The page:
But District No. 4 was also lucky. It had dynamic leaders who were willing to take risks. Beginning in 1974, they oversaw the creation of an expanding number of alternative schools built around distinctive themes, philosophies, and programs. Schools were henceforth to be identified with programs, not with buildings. A given building might house a number of very different schools, each with its own “director” (a teacher with the responsibilities of principal), staff, and student body.

Schools control their own admissions decisions. They are largely free to make their own decisions about programs, methods, and structure. Many of the preexisting formal rules imposed through collective bargaining or dictated by the central office have been waived or simply ignored.

The names of some of the district’s Junior high schools help illustrate just how spectacular the variety can be when the supply side is liberated: the Academy of Environmental Science, the Creative Learning Community, the East Harlem Career Academy, the East Harlem Maritime School, the East Harlem School for Health and Bio-Medical Studies, the José Feliciano Performing Arts School, Music 13, the Isaac Newton School for Math and Science, Northview Tech for Communication Arts and Computer Science, the Rafael Cordero Bilingual School, the School of Science and Humanities.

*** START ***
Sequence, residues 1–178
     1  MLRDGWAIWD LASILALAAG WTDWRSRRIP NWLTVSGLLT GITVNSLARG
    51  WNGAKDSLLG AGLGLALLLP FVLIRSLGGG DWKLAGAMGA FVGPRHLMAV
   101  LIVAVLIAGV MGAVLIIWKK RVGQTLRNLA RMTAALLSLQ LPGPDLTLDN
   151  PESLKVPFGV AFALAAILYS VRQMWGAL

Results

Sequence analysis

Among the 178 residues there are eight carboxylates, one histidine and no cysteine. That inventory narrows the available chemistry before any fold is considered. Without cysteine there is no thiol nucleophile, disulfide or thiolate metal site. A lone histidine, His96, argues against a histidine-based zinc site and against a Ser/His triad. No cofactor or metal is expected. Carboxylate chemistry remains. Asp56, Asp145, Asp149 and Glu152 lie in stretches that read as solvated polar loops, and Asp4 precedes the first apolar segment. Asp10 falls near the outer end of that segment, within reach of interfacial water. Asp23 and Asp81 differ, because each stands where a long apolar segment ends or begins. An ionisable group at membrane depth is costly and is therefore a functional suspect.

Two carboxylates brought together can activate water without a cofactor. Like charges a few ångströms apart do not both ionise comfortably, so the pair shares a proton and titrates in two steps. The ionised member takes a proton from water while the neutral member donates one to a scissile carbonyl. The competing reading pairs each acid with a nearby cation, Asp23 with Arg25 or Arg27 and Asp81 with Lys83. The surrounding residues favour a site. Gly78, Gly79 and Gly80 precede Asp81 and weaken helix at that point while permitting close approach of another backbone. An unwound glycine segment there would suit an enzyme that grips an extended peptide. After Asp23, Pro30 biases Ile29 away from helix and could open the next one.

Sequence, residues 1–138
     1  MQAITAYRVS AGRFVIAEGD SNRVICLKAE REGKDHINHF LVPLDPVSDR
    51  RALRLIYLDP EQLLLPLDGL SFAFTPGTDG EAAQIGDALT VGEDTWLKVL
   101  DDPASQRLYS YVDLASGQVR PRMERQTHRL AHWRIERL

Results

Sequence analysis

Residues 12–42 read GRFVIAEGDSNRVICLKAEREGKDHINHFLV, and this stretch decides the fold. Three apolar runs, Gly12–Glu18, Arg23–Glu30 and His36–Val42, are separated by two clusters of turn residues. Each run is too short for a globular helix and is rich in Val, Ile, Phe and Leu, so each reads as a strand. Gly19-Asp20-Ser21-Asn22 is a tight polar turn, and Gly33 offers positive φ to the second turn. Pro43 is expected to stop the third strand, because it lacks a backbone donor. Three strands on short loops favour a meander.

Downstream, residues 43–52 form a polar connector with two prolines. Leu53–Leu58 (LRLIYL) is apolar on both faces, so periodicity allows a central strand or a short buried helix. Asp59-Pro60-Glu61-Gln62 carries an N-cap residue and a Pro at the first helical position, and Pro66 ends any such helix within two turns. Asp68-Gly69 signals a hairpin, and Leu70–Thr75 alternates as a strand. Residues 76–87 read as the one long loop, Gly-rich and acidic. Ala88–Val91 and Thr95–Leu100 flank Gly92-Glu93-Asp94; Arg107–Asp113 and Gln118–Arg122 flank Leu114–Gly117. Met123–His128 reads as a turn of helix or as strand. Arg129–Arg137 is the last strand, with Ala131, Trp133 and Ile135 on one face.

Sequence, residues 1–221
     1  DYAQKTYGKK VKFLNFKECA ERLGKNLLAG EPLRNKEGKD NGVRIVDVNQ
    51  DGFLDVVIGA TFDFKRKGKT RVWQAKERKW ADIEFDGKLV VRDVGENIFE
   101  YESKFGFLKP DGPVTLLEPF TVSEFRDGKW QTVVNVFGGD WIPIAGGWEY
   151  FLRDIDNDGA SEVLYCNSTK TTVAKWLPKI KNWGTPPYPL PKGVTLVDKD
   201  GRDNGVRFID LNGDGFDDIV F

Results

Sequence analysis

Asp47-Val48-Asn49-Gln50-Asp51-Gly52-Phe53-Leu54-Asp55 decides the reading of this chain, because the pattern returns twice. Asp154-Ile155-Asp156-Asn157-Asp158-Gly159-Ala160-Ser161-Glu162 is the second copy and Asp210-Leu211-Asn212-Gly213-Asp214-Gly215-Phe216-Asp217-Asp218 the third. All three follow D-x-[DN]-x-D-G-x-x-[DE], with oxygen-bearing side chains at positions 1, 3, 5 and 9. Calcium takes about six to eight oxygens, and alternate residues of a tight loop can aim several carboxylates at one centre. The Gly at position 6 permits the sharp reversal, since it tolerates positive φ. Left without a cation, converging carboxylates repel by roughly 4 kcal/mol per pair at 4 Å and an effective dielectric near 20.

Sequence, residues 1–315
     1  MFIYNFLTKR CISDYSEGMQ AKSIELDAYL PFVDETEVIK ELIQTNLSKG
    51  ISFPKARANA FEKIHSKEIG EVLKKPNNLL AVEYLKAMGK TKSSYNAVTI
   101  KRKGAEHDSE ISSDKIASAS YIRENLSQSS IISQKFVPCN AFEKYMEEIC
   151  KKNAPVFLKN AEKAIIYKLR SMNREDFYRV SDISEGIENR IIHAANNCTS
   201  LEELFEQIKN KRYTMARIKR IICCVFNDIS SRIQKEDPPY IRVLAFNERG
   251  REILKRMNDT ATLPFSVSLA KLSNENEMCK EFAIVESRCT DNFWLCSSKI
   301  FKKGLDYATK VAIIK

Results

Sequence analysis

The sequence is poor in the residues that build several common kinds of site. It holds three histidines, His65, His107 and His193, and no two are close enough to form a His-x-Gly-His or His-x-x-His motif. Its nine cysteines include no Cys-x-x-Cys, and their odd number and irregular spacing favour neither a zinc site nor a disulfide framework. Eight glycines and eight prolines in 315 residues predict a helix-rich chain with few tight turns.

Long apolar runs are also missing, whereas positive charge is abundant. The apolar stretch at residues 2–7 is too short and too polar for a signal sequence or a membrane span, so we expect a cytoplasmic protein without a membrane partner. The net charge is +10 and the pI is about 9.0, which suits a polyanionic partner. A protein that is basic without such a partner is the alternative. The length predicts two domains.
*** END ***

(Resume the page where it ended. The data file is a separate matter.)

Freeing up the supply and governance of schools has not led to the kind of chaos or unfairness that critics of choice commonly predict. Because schools go out of business if they fail to attract enough clients, the matchup between schools and students is surprisingly close. In recent years, 60 percent of the students have received their first choices, 30 percent their second choices, and 5 percent their third choices.

The results have been dramatic. While only 15.9 percent of the district’s students were reading at or above grade level in 1973, 62.6 percent were doing so by 1987. Once the worst district in the city for reading and math achievement, by 1987 District No. 4 ranked around the middle of New York’s 32 districts.

Nonetheless, the reform in East Harlem still suffers from what may turn out to be a fatal flaw. Its flowering was nurtured by a small group of visionaries who used—and often exceeded—their authority to liberate schools from district control. But the institutions of political control are still in place. The same public authority that let East Harlem’s schools go their own way could one day reclaim them.